UN rights chief warns over upsurge in Burundi killings
“Almost every day, dead bodies are found lying on the streets of some of Bujumbura’s neighbourhoods,” Zeid Ra’ad Al Hussein said in a statement.
“In many cases, the victims appear to have been killed by a bullet fired at close range. The bodies sometimes show signs of torture and are typically found with their hands tied behind their backs,” he said.
Zeid noted that many of the victims had reportedly been arrested by police of Burundi’s National Intelligence Agency (SNR) before their deaths.
“This succession of unexplained killings, and the widespread perception that they may be linked to state institutions, is instilling a deep sense of fear within the population, especially in neighbourhoods known to be supportive of the opposition,” he warned.
Burundi, in the heart of a region that has been one of the world’s most volatile over the last three decades, has been gripped by unrest since April surrounding a violent and discredited election.
President Pierre Nkurunziza won a highly controversial third term in July in polls boycotted by the opposition and denounced by the United Nations as neither free nor fair.
His re-election bid sparked an attempted coup by rebel generals and months of civil unrest led by opposition groups, who condemned it as unconstitutional.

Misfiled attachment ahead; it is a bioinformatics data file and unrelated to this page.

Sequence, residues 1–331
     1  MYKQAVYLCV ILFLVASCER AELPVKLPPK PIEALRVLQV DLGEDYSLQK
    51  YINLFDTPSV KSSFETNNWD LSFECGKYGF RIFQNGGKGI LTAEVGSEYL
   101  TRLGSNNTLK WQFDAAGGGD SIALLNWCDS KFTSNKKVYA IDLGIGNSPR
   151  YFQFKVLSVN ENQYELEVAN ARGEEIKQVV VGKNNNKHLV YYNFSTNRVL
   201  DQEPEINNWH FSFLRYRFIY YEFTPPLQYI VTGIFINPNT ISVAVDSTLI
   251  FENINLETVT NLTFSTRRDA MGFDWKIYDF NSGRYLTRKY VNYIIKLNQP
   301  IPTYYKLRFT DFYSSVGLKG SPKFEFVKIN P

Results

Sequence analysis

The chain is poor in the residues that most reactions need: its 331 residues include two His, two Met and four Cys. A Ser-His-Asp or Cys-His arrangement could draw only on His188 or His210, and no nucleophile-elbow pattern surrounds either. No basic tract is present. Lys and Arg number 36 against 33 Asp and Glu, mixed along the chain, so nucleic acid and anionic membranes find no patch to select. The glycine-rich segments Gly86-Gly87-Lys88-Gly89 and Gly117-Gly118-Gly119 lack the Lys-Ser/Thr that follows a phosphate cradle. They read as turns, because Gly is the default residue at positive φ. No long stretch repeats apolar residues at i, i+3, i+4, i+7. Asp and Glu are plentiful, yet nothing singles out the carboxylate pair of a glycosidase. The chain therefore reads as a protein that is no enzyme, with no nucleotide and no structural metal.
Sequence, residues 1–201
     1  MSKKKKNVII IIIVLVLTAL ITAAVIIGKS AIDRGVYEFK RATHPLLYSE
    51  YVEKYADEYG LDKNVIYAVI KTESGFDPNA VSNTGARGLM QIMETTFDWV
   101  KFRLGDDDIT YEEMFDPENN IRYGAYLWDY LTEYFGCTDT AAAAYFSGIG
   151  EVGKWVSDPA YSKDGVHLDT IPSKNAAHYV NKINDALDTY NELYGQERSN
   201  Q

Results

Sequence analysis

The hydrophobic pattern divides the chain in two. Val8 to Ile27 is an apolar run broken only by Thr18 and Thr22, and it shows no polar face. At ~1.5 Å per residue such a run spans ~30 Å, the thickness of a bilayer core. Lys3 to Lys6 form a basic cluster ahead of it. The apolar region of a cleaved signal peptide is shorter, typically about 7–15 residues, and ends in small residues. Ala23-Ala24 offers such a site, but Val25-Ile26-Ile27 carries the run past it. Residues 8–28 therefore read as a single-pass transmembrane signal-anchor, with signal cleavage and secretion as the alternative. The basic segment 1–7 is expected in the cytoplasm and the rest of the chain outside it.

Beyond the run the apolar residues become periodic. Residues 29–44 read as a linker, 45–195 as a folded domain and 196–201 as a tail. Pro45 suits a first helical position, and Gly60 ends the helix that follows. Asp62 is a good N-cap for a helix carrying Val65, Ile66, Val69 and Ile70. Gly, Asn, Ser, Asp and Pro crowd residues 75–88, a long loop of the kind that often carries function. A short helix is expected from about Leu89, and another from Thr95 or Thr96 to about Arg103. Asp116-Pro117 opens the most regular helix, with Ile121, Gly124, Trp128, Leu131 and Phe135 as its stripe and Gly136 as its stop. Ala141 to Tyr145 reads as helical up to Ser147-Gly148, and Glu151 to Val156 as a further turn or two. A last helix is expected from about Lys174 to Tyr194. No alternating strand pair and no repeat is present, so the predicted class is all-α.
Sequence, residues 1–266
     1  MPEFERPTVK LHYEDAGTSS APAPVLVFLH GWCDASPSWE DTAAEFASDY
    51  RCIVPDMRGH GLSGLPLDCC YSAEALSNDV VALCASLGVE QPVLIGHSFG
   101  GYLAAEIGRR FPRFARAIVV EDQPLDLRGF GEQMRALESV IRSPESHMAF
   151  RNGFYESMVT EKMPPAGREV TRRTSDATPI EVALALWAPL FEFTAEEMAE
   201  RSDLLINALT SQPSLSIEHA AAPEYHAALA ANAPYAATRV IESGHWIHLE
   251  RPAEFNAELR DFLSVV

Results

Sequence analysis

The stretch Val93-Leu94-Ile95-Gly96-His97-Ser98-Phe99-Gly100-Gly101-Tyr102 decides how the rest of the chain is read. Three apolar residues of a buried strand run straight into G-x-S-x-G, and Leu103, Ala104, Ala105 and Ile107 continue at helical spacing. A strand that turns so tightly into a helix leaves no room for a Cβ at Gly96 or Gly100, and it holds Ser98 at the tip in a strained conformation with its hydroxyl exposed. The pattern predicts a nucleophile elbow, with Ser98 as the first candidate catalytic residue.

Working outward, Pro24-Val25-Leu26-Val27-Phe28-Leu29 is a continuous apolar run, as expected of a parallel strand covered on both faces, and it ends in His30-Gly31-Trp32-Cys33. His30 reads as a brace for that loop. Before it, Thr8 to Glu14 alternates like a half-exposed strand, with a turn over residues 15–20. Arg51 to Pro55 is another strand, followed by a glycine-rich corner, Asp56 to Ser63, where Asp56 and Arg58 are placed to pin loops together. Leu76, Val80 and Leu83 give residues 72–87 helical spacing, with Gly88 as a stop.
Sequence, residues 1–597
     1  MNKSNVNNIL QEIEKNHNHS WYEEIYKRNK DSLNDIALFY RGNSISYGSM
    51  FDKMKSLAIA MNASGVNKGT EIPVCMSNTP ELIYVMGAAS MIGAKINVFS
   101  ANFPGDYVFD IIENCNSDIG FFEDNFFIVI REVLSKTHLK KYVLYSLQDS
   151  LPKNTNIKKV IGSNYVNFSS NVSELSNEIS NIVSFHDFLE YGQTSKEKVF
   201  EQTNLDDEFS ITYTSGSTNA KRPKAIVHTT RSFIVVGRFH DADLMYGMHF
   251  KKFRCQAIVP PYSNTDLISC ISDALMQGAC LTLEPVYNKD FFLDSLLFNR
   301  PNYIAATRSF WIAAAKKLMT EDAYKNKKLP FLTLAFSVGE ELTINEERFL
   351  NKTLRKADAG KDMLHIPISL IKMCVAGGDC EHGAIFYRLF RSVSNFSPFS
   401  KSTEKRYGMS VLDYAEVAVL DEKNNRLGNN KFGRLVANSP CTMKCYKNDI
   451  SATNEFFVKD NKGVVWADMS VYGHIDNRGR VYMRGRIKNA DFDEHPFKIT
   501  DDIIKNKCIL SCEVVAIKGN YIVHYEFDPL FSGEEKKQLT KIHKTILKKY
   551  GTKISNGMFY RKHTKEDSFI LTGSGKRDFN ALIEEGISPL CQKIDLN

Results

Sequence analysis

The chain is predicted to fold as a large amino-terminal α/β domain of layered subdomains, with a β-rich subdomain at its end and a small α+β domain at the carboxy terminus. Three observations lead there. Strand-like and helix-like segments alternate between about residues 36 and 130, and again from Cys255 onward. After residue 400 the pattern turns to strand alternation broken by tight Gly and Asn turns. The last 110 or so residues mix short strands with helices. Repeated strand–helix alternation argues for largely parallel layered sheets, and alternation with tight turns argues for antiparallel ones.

The government accuses those who took part in the protests against his third term of “insurrection”.
– ‘Absolute impunity’ –
Since April, Zeid’s office said it had registered 134 killings, more than 90 cases of torture and hundreds of cases of arbitrary arrest and detention, including 704 arrests this month alone.
“We have also been receiving many allegations of torture carried out by the police or the SNR, with the reported aim of forcing victims to confess to participation in an armed rebellion,” Zeid said.
“The perpetrators of both torture and killings appear, to date, to have enjoyed absolute impunity,” he lamented.
Zeid stressed that because such serious crimes are going unpunished, “more people are looking to take the law into their own hands.”
“There is an increasing risk that spiralling tit-for-tat violence will plunge the country back into its bloody past,” he warned.
Burundi’s civil war killed at least 300,000 people from 1993-2006 and sporadic violence has continued since, with fears mounting of a renewed conflict, which could have ripple effects throughout the region.
Zeid also said search operations had intensified across Burundi aimed at seizing illegal weapons, and that in Bujumbura, police now often surround specific neighbourhoods, blocking all entry and exit points to carry out the searches.
“Given these searches sometimes continue for several days, this method raises serious concerns with regard to freedom of movement,” he said, also noting “consistent accusations” of looting and destruction of property by police during the searches.
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